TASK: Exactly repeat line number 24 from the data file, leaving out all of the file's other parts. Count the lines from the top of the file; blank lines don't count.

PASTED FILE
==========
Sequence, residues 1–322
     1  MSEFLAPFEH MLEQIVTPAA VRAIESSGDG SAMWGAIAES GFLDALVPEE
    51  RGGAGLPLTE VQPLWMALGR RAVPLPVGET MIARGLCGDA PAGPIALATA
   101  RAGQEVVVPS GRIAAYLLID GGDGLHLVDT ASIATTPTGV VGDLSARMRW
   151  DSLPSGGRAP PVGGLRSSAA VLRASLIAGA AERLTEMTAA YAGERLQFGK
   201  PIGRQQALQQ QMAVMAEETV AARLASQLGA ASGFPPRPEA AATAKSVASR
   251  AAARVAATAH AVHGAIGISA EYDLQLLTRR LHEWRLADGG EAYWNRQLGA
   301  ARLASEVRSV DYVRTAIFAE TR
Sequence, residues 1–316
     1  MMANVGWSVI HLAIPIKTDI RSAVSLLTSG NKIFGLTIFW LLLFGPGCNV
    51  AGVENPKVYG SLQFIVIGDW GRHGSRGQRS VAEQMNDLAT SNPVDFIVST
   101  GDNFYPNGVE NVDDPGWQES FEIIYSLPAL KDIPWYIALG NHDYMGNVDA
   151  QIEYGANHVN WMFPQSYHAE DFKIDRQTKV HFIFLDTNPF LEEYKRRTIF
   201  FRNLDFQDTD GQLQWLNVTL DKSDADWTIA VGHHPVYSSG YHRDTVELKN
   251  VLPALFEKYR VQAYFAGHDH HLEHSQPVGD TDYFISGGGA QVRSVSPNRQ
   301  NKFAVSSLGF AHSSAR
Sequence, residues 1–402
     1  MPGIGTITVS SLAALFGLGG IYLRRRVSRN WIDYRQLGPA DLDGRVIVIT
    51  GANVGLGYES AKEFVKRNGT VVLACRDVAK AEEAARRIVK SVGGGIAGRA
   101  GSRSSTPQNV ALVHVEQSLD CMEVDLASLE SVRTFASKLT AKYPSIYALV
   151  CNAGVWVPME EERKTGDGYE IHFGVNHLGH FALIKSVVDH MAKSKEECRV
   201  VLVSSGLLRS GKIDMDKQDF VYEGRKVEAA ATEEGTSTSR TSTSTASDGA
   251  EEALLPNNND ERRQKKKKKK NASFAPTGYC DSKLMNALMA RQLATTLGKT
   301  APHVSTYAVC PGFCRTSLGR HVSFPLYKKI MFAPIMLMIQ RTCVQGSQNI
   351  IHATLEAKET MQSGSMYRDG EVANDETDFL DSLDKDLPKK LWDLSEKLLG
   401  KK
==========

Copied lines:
   301  APHVSTYAVC PGFCRTSLGR HVSFPLYKKI MFAPIMLMIQ RTCVQGSQNI